I agree that was an interesting choice. However, believe it or not, many people probably don't know that BlackBerry still makes phones, let alone ones with touchscreens. It's possible BlackBerry wanted to highlight that they indeed are producing touchscreen phones like everyone else.

Bruce Banner

July 28, 2016, 10:30 pm

Selfie camera is 8 megapixel.

Thanks for acknowledging some productivity features that competitors don't offer. Everybody harps on about BlackBerry security, yet fails to acknowledge their strengths lie in productivity shortcuts.

Wait for the next qwerty. Their new keyboard technology is insane. If a little frustrating that it's only been put to proper use in the passport. Priv's keyboard is great, but had too much emphasis on being conceal able.

Daniel Thompson

July 29, 2016, 12:18 am

Sadly it does. People still believe that Blackberry phones don't have touch-screens. The erroneous rumors about Blackberry are ridiculous.


July 29, 2016, 1:40 am

I'm actually intrigued to buy this phone. Even though the hardware is not blackberry built itself but it looks like a great device on its own. I love the security thay blackberry has to offer so I'm eager to try this new phone all touch with android on it!


July 29, 2016, 11:11 am

Well done Blackberry! I'm definitely interested in this phone. Why? Because they've taken security seriously, or at least more seriously than others. The first thing I do when I get a phone, is go through every app and check it's permissions. It takes a few hours, but to over half pre-installed apps, I'll end up forcing stop, delete contents and if possible, deleting the app. This has added benefits of not only reducing you being tracked around the internet, but also cutting data traffic, and processing power. It also de-clutters your menu some. So many apps have access to things that I don't want them to have access to, and if I can't prevent that access, I won't have/use/install the app. I seriously want that capability.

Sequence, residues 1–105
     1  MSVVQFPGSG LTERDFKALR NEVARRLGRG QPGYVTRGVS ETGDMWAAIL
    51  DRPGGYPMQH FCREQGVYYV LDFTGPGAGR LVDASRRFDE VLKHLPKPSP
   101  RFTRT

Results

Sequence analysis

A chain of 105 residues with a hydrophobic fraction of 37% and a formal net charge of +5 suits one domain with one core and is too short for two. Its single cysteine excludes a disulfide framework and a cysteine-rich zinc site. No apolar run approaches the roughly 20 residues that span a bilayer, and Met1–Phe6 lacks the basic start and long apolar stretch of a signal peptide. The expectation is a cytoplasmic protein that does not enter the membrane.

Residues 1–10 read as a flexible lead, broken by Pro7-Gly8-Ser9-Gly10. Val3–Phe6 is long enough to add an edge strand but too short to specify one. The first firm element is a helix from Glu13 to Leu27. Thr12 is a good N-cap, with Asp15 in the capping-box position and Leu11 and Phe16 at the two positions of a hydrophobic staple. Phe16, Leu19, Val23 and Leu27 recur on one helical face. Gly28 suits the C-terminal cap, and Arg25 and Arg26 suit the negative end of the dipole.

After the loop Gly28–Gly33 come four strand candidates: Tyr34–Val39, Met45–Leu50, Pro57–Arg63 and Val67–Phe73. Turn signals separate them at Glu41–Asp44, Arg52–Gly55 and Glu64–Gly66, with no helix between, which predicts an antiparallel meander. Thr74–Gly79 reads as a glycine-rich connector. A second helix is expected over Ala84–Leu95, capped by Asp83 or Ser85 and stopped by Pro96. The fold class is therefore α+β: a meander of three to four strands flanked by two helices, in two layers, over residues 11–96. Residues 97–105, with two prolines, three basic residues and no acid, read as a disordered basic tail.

Another thing I'm needing is a T9 keyboard, with predictive text. - It's so much more practical and quicker to use. I don't mind if it's an optional setting, I just want it to be there. For those of you that like the qwerty keyboard, I'm guessing it's because you don't know how to use the T9 one. Every person that I've shown how to use T9, prefers it. It's one of the things that I ask about every phone, and if it's not there, I won't buy it.
As for not having a fingerprint sensor, excellent! For those of you that think you've locked your phone and have prevented access by anyone else because they don't have your print, you're so very mistaken! If a piece of sticky tape to lift a print from a surface you've touched doesn't work, and it's been demonstrated to, if the police have your prints, your phone is unlock able. They are now using 3D printers to make a copy of your finger, and that will unlock your phone.
A password is your safest way to prevent entry.


July 29, 2016, 1:49 pm

Will it be a SIM Free?


August 1, 2016, 1:12 am

poor review. the guy had not "enough" time to take pics and let the battery run out? how long you tested it? 2 minutes? unprofessional.


August 7, 2016, 3:19 pm

I'm unable to find where this phone is manufactured. Alcatel seems to be from China but with BB's security reputation I'm wondering if they went with a Chinese build.

Jonathan Morris

August 19, 2016, 1:43 pm

Alcatel is now just a brand of TCL, which is indeed Chinese. It's such a shame to see BlackBerry going down this route.

The Priv was a great device, but vastly overpriced. They should have cut the price on that and then considered a keyboardless version (if they really do feel they have to) that kept the same decent spec.


August 19, 2016, 1:53 pm

Thanks, Jonathan. While it is a build from China, the layers of BlackBerry security was the tipping point for my purchase. I do believe this was a poor review considering the modest price point and the target market of enterprise sales.


August 27, 2016, 9:33 pm

BlackBerry has NOT decided against Adoptable Storage. Users have the option to format their SD card as internal storage or use it like a normal SD card.

for a site calling themselves "trusted" this review is misleading to readers


August 31, 2016, 1:14 pm

irreversible damage was done to their brand. They would have a better chance changing their name all together instead of continuing to use "Blackberry" Right now when you hear the word "blackberry" you think outdated, old, keyboard, no support and no apps.

Bon homme

September 5, 2016, 3:19 pm

No so bad but the battery life is about 6 to 12 hours depending on your usage. the worst offender is the vibrate that's weaker than the vibes of a fly. Seriously. If you need vibrate on your phone, avoid this one. For the rest is shows the same as any other Android phone. A little bit slower though.